More important, how would he have responded to the challenges and threats facing India today?
A life-long champion of Hindu-Muslim unity, how would Gandhi have responded to the challenge of Hindutva fascism and the open war it has declared on the Muslims on every front?
What would Gandhi have done to help the hundreds of thousands of helpless, dispossessed Muslims of Assam who have been declared ‘illegal aliens’ overnight after living for generations in the country?
What would he have done to protect innocent Muslims who are being beaten to death and dragged like animals in the streets of the ‘new India’ in the name of cow and other sacred absurdities?
How would Gandhi have dealt with the BJP’s brazen power grab in Kashmir and months-long siege of its 8 million people? He would have launched a ‘satyagraha’ until Kashmiris were set free, HS Doreswamy, a 101-year-old freedom fighter, told The Hindu newspaper.
Himself an ardent believer in Hinduism, Gandhi believed that the Hindu-supremacist RSS militated against the ideals and values of a pluralist, secular democracy.
On November 15, 1947, three months after the Partition, when Delhi and other major cities in north India were rocked by anti-Muslim violence, Gandhi implored Congress workers to “be true to the basic character of the Congress and make Hindus and Muslims one, for which ideal the Congress has worked for more than sixty years”.
Urging his followers to do all they could to make Muslims feel safe in India, he warned: “Violent rowdyism will not save either Hinduism or Sikhism.” He then added: “I hear many things about the RSS. I have heard it said that the Sangh is at the root of all this mischief. Let us not forget that public opinion is a far more potent force than a thousand swords. Hinduism cannot be saved by orgies of murder. You have to preserve this freedom. You can do so if you are humane and brave and ever-vigilant, or else a day will come when you will rue the folly which made this lovely prize slip from your hands.”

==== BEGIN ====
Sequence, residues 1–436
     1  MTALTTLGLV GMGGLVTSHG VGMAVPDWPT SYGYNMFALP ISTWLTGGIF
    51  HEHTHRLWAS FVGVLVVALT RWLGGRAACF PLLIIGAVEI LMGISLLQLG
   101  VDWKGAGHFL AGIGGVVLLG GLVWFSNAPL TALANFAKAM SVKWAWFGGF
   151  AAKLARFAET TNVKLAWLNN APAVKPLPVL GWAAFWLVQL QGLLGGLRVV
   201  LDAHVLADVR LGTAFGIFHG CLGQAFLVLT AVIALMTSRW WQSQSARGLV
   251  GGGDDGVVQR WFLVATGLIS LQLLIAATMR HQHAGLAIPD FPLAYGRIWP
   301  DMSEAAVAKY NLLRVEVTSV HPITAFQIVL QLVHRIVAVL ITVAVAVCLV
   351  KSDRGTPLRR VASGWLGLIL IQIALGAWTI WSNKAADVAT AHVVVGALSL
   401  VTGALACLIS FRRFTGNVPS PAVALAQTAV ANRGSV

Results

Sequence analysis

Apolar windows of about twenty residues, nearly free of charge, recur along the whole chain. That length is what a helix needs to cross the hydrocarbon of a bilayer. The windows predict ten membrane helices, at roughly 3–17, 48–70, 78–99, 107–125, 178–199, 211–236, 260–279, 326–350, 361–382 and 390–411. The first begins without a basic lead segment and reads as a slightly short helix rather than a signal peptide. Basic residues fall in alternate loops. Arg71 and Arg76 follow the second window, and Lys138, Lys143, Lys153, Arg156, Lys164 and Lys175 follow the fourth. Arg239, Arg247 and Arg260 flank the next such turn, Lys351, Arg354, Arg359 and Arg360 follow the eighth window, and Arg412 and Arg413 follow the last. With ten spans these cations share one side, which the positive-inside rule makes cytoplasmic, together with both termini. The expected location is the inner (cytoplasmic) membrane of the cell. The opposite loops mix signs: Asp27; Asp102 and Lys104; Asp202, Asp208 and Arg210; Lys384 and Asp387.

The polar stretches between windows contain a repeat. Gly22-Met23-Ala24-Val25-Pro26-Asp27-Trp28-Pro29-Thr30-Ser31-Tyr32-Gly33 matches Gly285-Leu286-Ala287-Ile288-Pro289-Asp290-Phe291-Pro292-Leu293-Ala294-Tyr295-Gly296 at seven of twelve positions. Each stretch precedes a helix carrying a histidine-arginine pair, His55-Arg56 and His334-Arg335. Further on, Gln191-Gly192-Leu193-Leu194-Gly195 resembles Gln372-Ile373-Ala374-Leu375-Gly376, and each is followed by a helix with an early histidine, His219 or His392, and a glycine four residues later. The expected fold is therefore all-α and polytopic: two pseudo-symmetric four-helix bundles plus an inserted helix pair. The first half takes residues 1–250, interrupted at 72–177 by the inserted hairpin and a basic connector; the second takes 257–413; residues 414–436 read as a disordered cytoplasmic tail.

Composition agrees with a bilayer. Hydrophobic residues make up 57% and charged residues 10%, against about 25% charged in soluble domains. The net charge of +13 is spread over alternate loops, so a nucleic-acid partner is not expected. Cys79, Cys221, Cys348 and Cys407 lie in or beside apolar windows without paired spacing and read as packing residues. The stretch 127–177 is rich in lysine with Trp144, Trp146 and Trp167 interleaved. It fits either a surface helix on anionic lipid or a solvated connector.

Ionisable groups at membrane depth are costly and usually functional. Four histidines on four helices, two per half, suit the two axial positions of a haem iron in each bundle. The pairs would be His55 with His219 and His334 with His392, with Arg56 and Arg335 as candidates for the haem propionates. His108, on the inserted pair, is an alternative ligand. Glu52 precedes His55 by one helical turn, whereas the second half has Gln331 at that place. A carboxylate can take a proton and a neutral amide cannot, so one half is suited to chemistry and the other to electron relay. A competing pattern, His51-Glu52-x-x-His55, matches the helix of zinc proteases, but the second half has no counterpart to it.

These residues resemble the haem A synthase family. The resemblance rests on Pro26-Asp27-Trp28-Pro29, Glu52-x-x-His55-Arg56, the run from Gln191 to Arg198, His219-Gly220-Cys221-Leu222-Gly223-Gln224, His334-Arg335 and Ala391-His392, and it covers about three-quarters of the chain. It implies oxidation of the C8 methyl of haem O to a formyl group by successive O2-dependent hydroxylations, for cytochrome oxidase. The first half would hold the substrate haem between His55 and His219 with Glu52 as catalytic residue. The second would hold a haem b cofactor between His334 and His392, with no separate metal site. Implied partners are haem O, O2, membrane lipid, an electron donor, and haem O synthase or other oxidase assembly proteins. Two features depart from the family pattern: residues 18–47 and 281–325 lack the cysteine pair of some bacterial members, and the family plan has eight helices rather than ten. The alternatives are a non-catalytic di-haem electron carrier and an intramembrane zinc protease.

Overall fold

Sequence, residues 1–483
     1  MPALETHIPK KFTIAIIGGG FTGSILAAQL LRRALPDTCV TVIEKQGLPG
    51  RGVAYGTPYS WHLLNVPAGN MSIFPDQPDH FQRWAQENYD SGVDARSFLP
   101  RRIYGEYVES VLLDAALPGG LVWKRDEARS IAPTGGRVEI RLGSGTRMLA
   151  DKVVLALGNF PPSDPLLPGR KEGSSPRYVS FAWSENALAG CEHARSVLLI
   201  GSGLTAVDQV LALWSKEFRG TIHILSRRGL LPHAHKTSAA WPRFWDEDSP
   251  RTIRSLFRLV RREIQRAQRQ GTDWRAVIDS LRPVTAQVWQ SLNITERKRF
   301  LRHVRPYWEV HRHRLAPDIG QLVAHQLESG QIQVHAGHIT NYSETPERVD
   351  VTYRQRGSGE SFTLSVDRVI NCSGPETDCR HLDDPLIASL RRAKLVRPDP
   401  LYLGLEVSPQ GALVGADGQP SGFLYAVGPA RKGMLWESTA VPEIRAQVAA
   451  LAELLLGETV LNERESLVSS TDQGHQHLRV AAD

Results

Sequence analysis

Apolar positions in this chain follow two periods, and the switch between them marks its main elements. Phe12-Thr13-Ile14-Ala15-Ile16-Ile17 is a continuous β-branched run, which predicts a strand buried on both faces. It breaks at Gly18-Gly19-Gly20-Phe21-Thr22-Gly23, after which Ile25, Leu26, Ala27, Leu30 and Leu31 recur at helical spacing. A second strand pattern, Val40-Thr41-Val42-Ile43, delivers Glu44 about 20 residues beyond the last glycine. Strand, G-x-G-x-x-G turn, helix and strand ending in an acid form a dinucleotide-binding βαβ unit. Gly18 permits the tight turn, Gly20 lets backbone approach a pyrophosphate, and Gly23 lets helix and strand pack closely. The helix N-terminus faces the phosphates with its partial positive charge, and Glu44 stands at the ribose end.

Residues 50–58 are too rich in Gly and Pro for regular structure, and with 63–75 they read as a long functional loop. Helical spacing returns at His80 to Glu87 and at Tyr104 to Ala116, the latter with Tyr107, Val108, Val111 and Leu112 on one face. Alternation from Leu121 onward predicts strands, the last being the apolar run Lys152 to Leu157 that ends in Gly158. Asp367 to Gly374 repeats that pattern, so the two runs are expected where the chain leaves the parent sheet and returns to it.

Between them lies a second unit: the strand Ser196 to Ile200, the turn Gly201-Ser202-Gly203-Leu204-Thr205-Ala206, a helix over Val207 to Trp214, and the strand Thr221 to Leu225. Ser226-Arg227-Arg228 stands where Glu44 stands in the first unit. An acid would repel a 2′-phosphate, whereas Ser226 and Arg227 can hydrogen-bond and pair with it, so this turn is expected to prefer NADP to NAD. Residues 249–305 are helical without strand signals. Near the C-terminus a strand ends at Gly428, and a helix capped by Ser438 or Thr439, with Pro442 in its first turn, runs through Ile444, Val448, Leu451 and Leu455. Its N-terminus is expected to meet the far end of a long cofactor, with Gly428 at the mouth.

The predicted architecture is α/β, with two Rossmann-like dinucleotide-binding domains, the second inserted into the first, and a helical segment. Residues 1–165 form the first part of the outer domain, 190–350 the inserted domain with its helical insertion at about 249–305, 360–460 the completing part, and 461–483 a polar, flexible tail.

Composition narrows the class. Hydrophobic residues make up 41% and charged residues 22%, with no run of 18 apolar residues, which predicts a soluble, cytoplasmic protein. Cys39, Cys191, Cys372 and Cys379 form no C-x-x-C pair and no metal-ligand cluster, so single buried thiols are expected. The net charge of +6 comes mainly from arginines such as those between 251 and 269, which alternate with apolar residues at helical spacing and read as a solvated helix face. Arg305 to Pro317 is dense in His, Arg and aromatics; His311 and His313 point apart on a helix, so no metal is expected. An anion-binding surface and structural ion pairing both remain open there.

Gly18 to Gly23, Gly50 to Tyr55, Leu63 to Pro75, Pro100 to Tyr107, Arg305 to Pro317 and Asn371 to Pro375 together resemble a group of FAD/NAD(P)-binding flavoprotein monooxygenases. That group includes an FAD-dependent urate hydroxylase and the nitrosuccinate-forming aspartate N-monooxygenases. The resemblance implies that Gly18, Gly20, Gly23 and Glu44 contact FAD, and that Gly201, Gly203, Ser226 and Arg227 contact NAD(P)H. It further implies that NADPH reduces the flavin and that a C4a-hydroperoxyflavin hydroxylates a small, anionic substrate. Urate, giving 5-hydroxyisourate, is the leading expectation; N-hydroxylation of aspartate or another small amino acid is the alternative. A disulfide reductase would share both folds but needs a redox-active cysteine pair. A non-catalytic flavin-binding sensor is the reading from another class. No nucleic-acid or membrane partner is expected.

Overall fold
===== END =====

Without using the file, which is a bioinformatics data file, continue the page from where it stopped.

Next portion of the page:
The next day, speaking at his prayer meeting, Gandhi noted that while religious polarisation was being furthered by the Muslim League, “there is also the Hindu Mahasabha assisted by members of the RSS who wish that all the Muslims should be driven away from the Indian Union”.
Then he travelled to Calcutta to help end the orgy of Hindu-Muslim violence in the East, ignoring the warnings of Nehru and Patel about threats to his life. The Mahatma didn’t die in Calcutta and managed to put out the blaze with his message of love. However, he eventually paid with his life for championing peace and religious harmony.
Those who plotted his assassination and have never apologised for it are no more the fringe that they had been during Gandhi’s time. They are at the heart and centre of power, truly ruling the length and breadth of the country and transforming it into the Hindu Rashtra of their dreams. RSS chief Mohan Bhagwat declared it as much on the 150thanniversary of the Mahatma. The timing couldn’t have been better.
When Gandhi was gunned down in Delhi, on the way to a multi-faith prayer meet, he had been preparing to visit Pakistan to rescue the tattered Hindu-Muslim relations on the one hand and India-Pakistan equation, on the other. Today, when relations between India and Pakistan as well as between the subcontinent’s Hindus and Muslims are at their worst, Gandhi and his humane touch is sorely missed. But then I must be out of my mind to dream of Gandhi, in times of Modi.